Q:

What is AST and what do high levels in a medical test indicate?

A:

Quick Answer

AST refers to an enzyme that is usually found in the heart, liver and muscle, states Healthline. The enzyme may also be found in the bloodstream and other tissues. High levels of the enzyme, which may be 10 times the normal range, may signal viral hepatitis infection.

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Full Answer

AST, also known as aspartate aminotransferase, test is done to determine the amount of AST in the blood, and is used along with alanine aminotransferase to see if a person is suffering from liver disease, according to Healthline. Conditions that may trigger the doctor to diagnose for the disease include yellowing of the skin or eyes, nausea, vomiting, extreme itching, or fatigue.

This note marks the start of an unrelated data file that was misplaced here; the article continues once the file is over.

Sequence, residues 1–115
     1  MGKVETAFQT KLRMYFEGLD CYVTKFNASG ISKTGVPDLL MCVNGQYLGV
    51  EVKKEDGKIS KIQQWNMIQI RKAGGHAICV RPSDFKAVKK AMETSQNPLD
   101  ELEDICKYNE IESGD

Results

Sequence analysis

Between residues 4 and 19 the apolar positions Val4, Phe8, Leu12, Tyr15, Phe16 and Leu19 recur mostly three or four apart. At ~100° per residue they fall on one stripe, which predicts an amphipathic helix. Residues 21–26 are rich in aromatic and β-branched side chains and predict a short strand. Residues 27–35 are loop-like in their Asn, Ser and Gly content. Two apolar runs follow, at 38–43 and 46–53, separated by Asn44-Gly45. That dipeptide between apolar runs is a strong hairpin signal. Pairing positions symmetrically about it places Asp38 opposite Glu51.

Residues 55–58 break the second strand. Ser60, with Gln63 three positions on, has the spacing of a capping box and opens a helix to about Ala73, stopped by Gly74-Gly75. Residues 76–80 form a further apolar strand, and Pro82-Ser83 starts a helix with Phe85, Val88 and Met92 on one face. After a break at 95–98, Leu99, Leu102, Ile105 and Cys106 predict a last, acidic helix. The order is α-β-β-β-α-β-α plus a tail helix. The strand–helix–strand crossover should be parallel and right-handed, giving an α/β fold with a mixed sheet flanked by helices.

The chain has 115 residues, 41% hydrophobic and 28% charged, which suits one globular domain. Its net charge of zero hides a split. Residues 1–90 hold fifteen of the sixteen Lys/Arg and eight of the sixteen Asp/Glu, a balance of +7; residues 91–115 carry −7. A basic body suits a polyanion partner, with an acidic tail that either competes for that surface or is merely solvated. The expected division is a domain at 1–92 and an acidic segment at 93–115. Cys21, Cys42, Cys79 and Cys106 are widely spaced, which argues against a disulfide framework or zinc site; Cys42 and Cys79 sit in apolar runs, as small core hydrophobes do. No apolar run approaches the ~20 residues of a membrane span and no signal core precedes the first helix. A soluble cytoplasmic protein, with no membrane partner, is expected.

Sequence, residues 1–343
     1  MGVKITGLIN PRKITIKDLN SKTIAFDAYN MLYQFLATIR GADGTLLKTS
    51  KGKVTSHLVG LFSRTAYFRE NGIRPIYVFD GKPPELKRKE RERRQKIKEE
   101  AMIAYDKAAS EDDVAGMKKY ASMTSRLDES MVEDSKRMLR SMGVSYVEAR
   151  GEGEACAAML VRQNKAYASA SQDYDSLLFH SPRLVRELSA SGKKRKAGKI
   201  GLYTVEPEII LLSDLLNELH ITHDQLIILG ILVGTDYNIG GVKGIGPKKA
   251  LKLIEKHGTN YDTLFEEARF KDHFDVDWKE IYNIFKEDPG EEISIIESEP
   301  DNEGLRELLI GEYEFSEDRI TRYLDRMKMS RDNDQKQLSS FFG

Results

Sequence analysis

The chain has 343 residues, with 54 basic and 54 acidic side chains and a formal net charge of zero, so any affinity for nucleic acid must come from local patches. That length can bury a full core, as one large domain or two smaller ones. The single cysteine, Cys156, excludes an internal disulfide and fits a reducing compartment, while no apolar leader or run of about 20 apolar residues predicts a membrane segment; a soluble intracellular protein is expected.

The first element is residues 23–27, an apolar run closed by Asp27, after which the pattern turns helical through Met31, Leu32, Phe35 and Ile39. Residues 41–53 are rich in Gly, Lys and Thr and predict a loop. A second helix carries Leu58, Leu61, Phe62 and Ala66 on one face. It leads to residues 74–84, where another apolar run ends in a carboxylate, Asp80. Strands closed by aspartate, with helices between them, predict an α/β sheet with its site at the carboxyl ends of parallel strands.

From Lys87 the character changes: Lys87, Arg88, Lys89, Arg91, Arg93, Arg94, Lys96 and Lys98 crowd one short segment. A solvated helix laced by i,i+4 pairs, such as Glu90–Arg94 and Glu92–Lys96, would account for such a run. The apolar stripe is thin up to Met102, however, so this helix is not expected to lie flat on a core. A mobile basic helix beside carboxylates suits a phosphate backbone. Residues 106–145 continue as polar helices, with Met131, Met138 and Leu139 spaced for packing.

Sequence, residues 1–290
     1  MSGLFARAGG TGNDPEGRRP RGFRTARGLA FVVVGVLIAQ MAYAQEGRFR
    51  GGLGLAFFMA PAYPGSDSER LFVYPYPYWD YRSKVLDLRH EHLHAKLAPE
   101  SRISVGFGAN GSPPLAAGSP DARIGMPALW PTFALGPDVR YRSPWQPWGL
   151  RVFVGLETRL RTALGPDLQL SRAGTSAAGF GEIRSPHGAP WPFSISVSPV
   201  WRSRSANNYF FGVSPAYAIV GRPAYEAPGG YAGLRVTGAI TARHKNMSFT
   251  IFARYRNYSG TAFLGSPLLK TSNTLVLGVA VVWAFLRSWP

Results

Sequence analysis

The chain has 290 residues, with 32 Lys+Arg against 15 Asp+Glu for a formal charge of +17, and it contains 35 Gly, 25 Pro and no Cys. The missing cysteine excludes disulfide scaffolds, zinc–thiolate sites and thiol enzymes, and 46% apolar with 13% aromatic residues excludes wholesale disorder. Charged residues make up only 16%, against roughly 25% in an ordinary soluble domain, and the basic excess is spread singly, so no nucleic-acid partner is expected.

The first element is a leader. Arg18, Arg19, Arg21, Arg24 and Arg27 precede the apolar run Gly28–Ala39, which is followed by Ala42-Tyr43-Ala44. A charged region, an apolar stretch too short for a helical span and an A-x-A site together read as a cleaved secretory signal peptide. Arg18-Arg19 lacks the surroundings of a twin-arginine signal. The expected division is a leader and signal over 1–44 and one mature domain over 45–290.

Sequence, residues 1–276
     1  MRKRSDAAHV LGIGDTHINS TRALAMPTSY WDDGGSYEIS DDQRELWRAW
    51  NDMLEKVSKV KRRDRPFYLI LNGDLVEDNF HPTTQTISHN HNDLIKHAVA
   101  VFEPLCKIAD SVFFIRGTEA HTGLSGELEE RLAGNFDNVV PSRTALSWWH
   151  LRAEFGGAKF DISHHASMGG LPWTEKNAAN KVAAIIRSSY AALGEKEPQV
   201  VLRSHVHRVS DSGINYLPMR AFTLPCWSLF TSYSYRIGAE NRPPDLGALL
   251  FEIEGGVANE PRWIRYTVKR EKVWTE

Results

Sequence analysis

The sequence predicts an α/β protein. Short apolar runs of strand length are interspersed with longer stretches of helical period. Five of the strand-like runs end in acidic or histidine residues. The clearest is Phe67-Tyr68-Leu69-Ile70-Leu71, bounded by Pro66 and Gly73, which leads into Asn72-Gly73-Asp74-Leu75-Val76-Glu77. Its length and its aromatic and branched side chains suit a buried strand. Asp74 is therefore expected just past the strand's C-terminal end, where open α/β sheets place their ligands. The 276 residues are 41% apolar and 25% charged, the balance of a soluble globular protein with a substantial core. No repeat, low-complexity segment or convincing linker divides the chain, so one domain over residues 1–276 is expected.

AST test is done on a blood sample, and no unusual preparations are necessary, explains Healthline. Risks of this test include continuous bleeding, discomfort during withdrawal of the blood, pain at the site and trouble when obtaining the blood. The patient may faint due to excessive blood loss, get an infection, or suffer from hematoma, a condition where blood builds up underneath the skin.

Normally, the test reads between 10 to 34 IU/L, but the test may differ from laboratory to laboratory, according to MedlinePlus. Heart attack, cirrhosis, hepatitis, pancreatitis and liver cancer may trigger high AST levels. Seizure, deep burns, surgery and heart prognosis may also elevate the levels.

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